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Drosophila Work Essay

1147 words - 5 pages

Vial1 contains the first filial (F1) generation of the offspring of the parents which were crossed, wild type (+/+) x vestigial (v/v).

Alleles |
v |
v |

+ |
+v |
+v |
+ |
+v |
+v |

Fig1. Shows a monohybrid cross examining a single trait for the F1 generation

Using this monohybrid cross, we are able to predict as best we can, the phenotype of the offspring. Here we see that the wild type phenotype will be present 100% of the time (fig1).

From the results gathered on the day, observations showed that there was only one phenotype present on ...view middle of the document...

Alleles |
+ |
c |

+ |
++ |
+c |

+ |
++ |
+c |
The ratio which I gather from vial two was 12 wild type to 5 mutant; which account to approximately 71 %wild type: 29% mutant phenotype. The class results showed a ratio to of (3:1). The results which I gathered do not exactly account for a 3:1 ratio, however this could have been due to some experimental errors. If this experiment was to be repeated, only one person should do the counting instead of two in every vial.

Comparing my result and the class results, to the expected pattern from the monohybrid crossed, with two F1 heterozygous alleles (+/v) x (+/v) to produce the F2 off springs, I think that the proportion of wild type to the mutant flies in vial 2 is what I expected. That the ratio of wild type to mutant was 3:1. For every 4 flies, one would be mutant and three would be wild type, this meant that there was a 25% mutant phenotype in vial 2 according to the monohybrid inheritance pattern.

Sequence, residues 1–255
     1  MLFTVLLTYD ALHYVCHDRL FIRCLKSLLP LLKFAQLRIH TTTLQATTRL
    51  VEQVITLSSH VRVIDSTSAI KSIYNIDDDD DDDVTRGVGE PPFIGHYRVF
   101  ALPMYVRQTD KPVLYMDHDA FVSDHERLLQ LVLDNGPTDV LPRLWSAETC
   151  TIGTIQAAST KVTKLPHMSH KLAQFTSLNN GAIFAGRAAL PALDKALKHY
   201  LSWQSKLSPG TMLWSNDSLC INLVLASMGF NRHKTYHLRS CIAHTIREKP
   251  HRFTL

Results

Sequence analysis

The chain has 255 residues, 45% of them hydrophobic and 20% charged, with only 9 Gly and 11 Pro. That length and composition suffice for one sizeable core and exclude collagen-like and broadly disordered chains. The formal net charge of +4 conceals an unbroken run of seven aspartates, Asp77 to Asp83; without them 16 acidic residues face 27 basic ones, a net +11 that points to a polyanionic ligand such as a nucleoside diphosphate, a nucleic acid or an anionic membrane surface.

In this vial we see three genotypic ratios, 1(+/+): 2(+/v): 1(v/v). The dominant allele in this cross is + (wild type). Therefore we have three of the offspring which will have a phenotype (wild type) as they carry one of the (+) alleles which is masking the recessive (v) allele (Brooker et al., 2014). However due to this cross being done with two heterozygous parents, we see one of the offspring having a recessive trait (v/v), vestigial phenotype (Omics international, 2014).

Wild type (+/+) x curly (+/c) parents were crossed and in vial 3 contained the F1 generation of offspring.

Fig 3. Shows a monohybrid cross examining a single trait (dominant cross).

The ratio which I gather from vial 3 was approximately; 1 wild type phenotype: 1 curly phenotype (mutant). The class results also showed an approximate ratio to my individual result (1:1).

Comparing my result and the class results, to the expected pattern from the monohybrid, I think that

the proportion of wild type to the mutant flies in vial 3 is what I expected. That the ratio of wild type to mutant was 1:1. Therefore, for every 4 flies, two would be mutant and two would be wild type, this meant that there was a 50% mutant phenotype in vial 3. This is due to the parent with the dominant phenotype being a Heterozygous (+/c), this will produce half of the offspring mutant (+/c) and the other wild type (+/+). If the mutant was a homozygote (c/c) as it’s the dominant phenotype, this would have produced all mutants, whilst crossed with the wild type (+/+) (Brooker et al., 2014).

The proportion of mutant flies in the F2 generation of the...

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